One reads in order to ask questions.
If an introduction is a conversation between the author and the reader, let me begin with two thoughts:
Those who acquire a questioning attitude will be successful.
Organizations that create a questioning culture will be successful.
Individuals and institutions must ask and encourage others to ask more questions. If you doubt the value of questions, let me argue that when careers collapse, it is often the result of a lack of insightful questioning. When corporations falter, it frequently is a lack of questioning that has brought about the crisis.
Fundamental changes in business are forcing everyone to acquire better questioning skills. Where once executives led tightly organized hierarchies in slowly evolving marketplaces, the pace of business is quickening, and, minute by minute, changes are occurring around the globe. Where once employees followed one career path, now each employee faces a bewildering number of choices. The times demand questioning agility, and the quality and attitude of the questions asked determines corporate and individual success. Leaders must question what their company does and how employees are doing. Individuals must investigate everything from health plans to retirement options.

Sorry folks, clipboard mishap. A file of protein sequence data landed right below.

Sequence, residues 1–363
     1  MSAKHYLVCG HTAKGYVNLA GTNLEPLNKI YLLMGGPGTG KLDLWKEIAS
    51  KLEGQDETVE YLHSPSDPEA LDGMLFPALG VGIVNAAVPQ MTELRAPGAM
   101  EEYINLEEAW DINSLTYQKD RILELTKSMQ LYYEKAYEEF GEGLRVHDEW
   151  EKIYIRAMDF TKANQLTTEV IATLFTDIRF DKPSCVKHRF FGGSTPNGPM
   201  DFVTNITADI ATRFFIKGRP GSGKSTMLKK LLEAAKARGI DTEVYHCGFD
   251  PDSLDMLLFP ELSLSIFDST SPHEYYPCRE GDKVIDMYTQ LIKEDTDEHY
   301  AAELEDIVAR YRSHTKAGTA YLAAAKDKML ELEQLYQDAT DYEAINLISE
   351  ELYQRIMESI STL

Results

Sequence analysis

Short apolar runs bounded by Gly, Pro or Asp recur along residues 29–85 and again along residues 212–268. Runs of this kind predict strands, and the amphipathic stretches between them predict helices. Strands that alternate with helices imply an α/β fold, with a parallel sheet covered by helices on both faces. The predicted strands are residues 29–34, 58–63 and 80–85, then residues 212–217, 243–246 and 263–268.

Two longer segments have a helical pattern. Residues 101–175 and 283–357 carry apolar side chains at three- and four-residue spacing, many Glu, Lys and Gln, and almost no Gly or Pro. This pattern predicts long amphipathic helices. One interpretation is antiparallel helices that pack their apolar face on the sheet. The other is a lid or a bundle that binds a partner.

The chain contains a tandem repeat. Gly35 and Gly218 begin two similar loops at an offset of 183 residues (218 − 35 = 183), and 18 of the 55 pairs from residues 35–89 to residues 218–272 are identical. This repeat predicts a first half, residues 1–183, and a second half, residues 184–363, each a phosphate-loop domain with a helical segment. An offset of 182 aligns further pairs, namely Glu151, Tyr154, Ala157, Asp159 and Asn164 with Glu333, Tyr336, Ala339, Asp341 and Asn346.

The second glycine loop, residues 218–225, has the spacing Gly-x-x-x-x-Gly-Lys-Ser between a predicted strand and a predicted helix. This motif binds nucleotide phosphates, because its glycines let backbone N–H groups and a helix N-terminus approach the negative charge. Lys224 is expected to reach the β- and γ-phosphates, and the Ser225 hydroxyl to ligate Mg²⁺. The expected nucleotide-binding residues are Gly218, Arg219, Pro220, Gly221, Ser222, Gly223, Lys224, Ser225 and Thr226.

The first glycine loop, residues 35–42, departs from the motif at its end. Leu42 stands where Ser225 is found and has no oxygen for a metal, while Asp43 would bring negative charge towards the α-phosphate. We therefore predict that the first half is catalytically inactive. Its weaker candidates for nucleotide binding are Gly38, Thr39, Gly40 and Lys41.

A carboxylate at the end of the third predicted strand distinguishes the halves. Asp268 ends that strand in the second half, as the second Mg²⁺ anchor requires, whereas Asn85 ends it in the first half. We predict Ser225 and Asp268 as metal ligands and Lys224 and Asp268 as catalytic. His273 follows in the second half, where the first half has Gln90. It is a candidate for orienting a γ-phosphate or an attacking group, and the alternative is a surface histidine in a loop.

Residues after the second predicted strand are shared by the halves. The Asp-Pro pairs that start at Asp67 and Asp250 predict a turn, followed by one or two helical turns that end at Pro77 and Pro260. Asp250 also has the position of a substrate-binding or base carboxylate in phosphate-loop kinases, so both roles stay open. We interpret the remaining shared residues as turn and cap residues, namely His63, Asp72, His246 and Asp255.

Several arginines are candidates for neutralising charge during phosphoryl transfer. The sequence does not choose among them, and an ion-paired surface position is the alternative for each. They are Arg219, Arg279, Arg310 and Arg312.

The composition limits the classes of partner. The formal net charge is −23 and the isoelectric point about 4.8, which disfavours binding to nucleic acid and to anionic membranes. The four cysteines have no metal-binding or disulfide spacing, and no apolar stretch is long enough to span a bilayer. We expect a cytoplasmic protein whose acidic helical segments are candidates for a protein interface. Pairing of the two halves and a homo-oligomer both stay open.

If a company does not encourage questions, the future of the business will be in jeopardy. If you do not know which questions to ask in critical career and business decisions, your future will be in doubt. While business schools and countless books teach statistics, structures,